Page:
What Construction Companies Want in an Estimator
Good estimators are worth their weight in gold, but it's not just about crunching the numbers.
A successful construction project starts with a solid bid, and estimators are key in putting together a thorough and accurate proposal. What do companies today look for in an estimator? Some obvious and not-so-obvious qualities.
Math skills and attention to detail
Many estimators, particularly ones working for subcontractors, spend a lot of time performing quantity takeoffs, which involves tabulating the amount and type of materials required on a project along with the necessary labor. An estimator for a general contractor might also evaluate subcontractor bids by doing takeoffs of their portion of the project.
This provides the basis for bids, and leaving an item out or assigning the wrong value to a unit of material or labor can throw off the numbers enough so that the company loses the job or, worse, is the low bidder on a job that won't pay enough to cover the bills.
Brian Binke, president and CEO of Detroit-area construction executive search firm The Birmingham Group, said that for hiring managers, nonstarters include a lack of math skills and an eye for detail. "You need someone who can add and doesn't forget to put a zero at the end of the figure," he said.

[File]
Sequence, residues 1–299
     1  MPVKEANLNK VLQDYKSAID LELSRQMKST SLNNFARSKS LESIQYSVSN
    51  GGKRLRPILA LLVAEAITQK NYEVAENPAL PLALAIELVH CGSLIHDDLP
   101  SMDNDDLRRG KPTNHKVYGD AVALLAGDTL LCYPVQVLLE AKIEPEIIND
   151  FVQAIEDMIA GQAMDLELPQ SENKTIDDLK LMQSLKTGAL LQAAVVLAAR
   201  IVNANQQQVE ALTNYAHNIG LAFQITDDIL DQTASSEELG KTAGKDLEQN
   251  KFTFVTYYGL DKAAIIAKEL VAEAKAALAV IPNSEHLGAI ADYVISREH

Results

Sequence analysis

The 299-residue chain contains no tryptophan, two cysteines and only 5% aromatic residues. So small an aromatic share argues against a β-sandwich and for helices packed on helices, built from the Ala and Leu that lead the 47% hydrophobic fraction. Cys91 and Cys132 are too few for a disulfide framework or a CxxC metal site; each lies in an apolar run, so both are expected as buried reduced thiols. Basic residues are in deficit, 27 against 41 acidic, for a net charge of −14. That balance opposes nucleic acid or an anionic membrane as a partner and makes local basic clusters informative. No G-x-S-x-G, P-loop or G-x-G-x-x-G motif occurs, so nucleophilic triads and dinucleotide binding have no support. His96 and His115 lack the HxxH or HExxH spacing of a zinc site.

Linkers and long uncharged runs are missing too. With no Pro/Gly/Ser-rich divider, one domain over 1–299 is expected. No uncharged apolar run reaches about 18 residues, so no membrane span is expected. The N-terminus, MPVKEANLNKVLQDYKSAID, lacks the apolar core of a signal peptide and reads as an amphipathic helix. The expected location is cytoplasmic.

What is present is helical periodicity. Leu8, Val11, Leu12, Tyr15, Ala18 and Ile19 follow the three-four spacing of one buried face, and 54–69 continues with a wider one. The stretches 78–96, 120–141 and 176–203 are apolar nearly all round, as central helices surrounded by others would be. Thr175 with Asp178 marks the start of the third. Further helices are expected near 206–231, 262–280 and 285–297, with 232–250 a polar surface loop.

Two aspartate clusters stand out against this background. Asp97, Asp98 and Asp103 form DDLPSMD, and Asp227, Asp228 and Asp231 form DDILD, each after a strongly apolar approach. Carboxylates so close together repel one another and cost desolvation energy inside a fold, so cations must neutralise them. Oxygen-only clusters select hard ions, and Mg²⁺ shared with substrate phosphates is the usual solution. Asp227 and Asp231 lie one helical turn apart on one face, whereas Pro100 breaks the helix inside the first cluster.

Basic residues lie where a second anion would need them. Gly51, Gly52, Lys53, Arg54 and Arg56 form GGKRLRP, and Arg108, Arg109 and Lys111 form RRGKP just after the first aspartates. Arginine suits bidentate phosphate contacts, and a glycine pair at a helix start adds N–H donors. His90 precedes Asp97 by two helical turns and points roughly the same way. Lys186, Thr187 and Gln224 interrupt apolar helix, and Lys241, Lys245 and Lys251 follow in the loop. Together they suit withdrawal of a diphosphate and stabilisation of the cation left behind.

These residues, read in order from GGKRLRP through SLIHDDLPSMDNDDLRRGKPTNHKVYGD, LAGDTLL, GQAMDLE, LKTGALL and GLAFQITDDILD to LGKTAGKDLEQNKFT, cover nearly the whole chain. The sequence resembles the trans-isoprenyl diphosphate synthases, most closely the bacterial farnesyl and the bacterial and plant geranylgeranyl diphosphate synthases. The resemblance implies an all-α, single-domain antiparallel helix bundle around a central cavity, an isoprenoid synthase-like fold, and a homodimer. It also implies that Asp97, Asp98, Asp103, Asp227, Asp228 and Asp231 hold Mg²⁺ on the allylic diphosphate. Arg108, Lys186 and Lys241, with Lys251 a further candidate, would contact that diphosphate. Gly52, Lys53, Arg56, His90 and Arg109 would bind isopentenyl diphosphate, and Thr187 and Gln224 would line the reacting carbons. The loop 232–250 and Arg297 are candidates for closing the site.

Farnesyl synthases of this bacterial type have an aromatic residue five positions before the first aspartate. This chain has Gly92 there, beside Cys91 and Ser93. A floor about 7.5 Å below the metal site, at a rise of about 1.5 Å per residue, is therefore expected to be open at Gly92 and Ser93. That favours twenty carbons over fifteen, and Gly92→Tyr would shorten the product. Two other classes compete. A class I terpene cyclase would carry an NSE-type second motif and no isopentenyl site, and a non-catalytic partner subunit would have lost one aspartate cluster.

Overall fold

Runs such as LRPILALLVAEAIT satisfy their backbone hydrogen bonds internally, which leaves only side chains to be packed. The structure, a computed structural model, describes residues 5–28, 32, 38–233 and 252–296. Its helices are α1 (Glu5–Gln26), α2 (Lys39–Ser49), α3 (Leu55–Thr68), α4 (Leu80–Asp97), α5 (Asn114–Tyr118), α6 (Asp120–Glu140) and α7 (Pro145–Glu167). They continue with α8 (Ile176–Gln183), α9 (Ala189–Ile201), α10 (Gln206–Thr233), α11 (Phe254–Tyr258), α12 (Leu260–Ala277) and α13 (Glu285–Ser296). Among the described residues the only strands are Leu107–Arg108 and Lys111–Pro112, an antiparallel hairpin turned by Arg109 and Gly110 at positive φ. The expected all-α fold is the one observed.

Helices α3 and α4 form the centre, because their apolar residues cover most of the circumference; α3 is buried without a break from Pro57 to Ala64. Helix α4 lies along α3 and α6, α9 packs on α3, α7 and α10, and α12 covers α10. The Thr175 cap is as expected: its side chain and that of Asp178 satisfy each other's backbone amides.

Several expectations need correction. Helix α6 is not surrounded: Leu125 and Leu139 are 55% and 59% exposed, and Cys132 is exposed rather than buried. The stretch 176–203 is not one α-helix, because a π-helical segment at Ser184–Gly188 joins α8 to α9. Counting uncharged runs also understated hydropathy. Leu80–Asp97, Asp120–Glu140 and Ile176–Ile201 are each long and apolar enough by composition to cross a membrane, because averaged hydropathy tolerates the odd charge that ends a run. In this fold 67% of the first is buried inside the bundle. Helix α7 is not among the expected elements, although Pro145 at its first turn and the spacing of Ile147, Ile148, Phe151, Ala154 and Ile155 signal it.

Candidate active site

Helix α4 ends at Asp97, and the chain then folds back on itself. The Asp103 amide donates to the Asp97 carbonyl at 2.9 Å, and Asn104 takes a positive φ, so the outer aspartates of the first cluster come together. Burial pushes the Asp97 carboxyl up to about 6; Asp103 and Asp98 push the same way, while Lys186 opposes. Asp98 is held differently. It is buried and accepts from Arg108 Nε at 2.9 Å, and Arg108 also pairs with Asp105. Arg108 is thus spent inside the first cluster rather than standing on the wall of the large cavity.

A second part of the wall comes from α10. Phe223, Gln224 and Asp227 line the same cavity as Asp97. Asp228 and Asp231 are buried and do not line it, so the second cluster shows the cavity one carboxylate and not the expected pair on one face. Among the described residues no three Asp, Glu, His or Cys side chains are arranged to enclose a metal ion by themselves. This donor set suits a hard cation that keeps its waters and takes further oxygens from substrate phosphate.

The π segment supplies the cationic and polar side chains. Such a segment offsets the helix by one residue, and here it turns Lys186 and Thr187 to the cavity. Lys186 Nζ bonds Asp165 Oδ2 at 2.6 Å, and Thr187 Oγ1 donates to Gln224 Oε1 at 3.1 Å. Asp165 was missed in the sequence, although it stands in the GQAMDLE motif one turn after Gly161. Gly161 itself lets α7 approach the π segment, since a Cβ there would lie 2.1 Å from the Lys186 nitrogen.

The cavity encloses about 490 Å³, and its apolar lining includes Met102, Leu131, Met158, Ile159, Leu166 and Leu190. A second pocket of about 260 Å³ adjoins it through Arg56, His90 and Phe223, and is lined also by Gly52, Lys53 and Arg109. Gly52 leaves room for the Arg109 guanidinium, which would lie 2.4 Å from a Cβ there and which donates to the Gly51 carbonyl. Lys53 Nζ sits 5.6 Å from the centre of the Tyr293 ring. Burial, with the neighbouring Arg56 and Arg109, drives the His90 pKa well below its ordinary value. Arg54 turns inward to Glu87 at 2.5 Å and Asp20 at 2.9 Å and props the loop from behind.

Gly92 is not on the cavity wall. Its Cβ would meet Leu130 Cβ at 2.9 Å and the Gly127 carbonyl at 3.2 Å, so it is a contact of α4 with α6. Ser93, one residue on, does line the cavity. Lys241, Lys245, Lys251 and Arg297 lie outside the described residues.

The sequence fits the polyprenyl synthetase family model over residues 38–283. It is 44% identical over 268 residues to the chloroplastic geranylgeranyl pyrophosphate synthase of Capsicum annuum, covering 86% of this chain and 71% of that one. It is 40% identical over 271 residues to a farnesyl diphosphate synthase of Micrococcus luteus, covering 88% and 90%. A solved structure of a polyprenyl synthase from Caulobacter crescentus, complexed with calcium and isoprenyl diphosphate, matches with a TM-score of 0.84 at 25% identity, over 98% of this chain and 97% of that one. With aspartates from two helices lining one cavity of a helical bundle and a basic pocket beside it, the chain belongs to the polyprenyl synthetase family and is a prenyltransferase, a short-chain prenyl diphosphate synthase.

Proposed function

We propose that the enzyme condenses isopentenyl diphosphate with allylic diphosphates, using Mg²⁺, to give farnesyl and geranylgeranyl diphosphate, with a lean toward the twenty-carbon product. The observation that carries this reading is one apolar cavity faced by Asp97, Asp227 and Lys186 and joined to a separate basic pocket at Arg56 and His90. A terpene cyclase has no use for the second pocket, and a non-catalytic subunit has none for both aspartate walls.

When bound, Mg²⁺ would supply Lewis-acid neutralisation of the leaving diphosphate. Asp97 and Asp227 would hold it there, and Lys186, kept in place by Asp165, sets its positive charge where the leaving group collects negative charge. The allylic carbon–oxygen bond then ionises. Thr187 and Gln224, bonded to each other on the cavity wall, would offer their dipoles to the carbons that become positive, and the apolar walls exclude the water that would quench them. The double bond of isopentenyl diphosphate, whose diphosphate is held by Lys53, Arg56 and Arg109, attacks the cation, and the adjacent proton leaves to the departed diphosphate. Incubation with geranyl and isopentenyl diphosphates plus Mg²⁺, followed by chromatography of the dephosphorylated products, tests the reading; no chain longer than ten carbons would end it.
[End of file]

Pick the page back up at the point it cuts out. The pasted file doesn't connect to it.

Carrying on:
Basic knowledge of estimating software
Binke said some companies request experience with a certain brand of estimating software, but don't get too hung up on it. "If somebody is good at picking up one software they just have that aptitude. If you bring in another software, they can pick it up."
Someone who still works only with paper and pencil or on an Excel spreadsheet, he said, would be difficult to place.
A good track record
Companies want to know that the estimator they hire has a history of successful bids. "What have they been able to win?" Binke said. A qualified estimator can also help their new company win work by taking advantage of prior relationships. It helps if an estimator comes into his or her new position with a lot of contacts to facilitate getting on bid lists, or if the person has a good following of subcontractors they can bring with them.
On the ball
An estimator has to be aggressive in gathering subcontractor bids if working for a general contractor, and persistent in accumulating and maintaining current supplier pricing. The latter is important for subcontractor estimators as well. This means a lot of phone calls, texts and emails — whatever it takes to get the best numbers on schedule.
A good estimator, Binke said, also pays attention to deadlines and does what it takes to meet them. "If a bid is due at 3:00 this afternoon, it's due at 3:00 this afternoon, even if you have to pull an all-nighter."
Kim Slowey is a writer who has been active in the construction industry for 25 years and is licensed as a certified general contractor in Florida. She received her BA in Mass Communications/Journalism from the University of South Florida and has experience in both commercial and residential construction.